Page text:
It is a steady-as-she-goes budget boost that will be welcomed by the industry, and should give newly-appointed DTA chief executive Gavin Slater – appointed from a group executive role early last month – confidence that her has the political muscle to get on with the job.

It also clarifies that the DTA is not just a governance and advice agency, and that it has a substantial whole of government service delivery role as well.

The addition of cyber governance is of course most interesting. Cyber is a priority of all governments, but it has become a hallmark of the Malcolm Turnbull’s, and the DTA now has a role to play, joining the Attorney General’s department and all its intelligence and law enforcement agencies, as well as Defence, and Prime Minister and Cabinet, and even DFAT who play roles.

“A crucial component of all government (ICT) projects now is cyber security,” Mr Taylor told

“And so there needs to be a small but very capable team within the DTA to look at these projects and to advise on them, and to advise the digital transformation committee of the Cabinet and relevant ministers.”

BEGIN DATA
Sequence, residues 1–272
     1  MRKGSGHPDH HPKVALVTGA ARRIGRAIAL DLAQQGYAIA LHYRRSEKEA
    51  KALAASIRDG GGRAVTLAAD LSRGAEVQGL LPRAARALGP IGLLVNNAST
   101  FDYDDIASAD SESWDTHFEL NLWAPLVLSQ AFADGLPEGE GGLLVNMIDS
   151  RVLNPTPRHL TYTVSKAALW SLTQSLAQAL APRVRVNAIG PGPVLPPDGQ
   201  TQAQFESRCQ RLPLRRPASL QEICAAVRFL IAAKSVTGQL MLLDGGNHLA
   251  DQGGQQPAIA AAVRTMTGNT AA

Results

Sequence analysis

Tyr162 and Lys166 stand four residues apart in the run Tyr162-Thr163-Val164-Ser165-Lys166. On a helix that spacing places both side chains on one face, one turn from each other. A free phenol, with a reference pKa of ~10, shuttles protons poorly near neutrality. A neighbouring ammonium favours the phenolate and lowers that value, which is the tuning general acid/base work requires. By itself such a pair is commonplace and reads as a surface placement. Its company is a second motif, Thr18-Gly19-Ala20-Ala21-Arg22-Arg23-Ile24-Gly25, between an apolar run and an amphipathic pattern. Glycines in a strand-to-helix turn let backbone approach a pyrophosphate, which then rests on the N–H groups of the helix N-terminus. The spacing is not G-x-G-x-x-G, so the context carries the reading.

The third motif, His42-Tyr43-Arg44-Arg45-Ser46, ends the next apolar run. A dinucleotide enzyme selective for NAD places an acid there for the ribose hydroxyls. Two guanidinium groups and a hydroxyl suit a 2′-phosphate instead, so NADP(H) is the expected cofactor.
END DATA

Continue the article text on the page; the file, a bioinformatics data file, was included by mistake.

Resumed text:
“We have to ensure than we are nailing these very important cyber issues. It is a relatively small function at $10.6 million over four years,” he said.

“But we have to get cyber right at each level of the process (or project approval) and that’s exactly what this team is doing.”

Mr Taylor confirmed that the DTA has been working with CSIRO data capability unit Data61 on cyber issues, but said it also draws in capability wherever necessary, including from the Australian Sugnals Directorate.

“You rope in whatever agencies are necessary to get the advice right,” he said.

One project that is absolutely fundamental to the success of the whole-of-government digital transformation agenda is GovPass – the publicity-shy federated identity system that the DTA expects to launch as a beta in 2018.

“This is absolutely crucial. It is a fundamental project,” Mr Taylor said. “(A lack of robust) Digital identity has been a barrier to better digital government in many ways, but it has to be done right.”